Lambs are born with a digestive tract incapable of utilising pasture or other roughage. This is understandable because they initially consume only milk; their digestive tract has to undergo at least 3-4 weeks adaptation to develop the fore-stomachs that ultimately ferment solid feeds.
The development of the fore-stomachs involves the acquisition of a consortium of microbes to populate the rumen, along with the development of its lining epithelial papillae (for absorption of nutrients), muscularisation (for movement and mixing) and expansion of volume (for capacity). These developments can occur independently of each other and the important first step is a process called epithelialisation. Closure of the oesophageal groove allows milk to continue to by-pass the rumen and pass directly to the true stomach.
Diet has a dramatic impact on rumen development. Papillae develop under the influence of the products of microbial fermentation; namely volatile fatty acids, in particular butyrate and propionate. The microbes that produce butyrate and propionate proliferate in the rumen only when lambs are fed a grain-based diet, especially if it contains an ionophore such as lasalocid (Bovatec).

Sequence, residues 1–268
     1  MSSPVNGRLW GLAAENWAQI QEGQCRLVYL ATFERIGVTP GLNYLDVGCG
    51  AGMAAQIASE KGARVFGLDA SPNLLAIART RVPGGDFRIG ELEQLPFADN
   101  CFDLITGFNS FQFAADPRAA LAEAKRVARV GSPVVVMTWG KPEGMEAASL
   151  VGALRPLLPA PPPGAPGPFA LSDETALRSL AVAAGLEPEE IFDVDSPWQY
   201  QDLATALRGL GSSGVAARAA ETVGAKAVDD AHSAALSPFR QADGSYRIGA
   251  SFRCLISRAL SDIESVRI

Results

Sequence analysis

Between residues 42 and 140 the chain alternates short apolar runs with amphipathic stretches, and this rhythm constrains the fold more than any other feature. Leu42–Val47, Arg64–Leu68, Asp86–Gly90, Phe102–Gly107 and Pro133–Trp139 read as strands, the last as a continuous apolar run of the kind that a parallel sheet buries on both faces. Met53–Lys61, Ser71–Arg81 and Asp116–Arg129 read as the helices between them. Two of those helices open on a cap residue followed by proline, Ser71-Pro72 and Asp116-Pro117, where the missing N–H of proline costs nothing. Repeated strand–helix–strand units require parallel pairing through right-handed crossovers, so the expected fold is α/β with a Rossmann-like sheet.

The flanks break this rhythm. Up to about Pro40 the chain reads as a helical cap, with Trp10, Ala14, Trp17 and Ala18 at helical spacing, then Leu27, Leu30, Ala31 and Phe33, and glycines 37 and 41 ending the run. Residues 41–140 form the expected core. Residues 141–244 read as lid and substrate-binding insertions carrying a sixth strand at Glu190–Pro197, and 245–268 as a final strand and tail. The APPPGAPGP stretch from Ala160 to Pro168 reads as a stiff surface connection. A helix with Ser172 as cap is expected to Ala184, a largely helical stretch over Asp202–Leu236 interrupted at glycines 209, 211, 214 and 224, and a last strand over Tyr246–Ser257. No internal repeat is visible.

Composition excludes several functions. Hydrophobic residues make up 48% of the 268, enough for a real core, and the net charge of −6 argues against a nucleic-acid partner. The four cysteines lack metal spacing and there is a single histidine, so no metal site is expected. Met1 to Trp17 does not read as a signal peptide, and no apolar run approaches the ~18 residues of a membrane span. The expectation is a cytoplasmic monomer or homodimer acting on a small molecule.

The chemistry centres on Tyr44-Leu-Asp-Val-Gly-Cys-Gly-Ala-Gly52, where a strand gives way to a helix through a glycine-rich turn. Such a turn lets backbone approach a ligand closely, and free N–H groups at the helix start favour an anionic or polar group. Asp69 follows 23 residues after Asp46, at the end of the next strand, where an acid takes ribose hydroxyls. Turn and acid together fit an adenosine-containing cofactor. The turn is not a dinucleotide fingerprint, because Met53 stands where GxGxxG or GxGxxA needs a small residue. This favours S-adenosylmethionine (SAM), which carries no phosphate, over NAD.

The early introduction of grain to the lamb sets it up for grazing. Pasture or dry roughage intake subsequently promotes muscularisation. Capacity is mainly a function of age rather than diet.
A lamb continues to have a rumen that is proportionately smaller than that of an adult until well beyond weaning. At the same time, the lamb has a high requirement for nutrients for growth and tissue turnover. The younger the lamb, the higher the quality of the diet required to meet this demand. Protein is particularly important in younger lambs, due to the limited capacity of the rumen to supply microbial protein. Energy, minerals, trace elements and vitamins are always important for supporting growth and a robust, resilient constitution.
It is desirable to have lambs weaned by 16 weeks at a minimum of 40% of their mature weight. It is also desirable for the transition to pasture to be seamless and a minimum growth rate of 50 g/d maintained through summer. Since pasture is the most cost-effective source of nutrients, early rumen development is critical to achieving maximum feed conversion efficiency.
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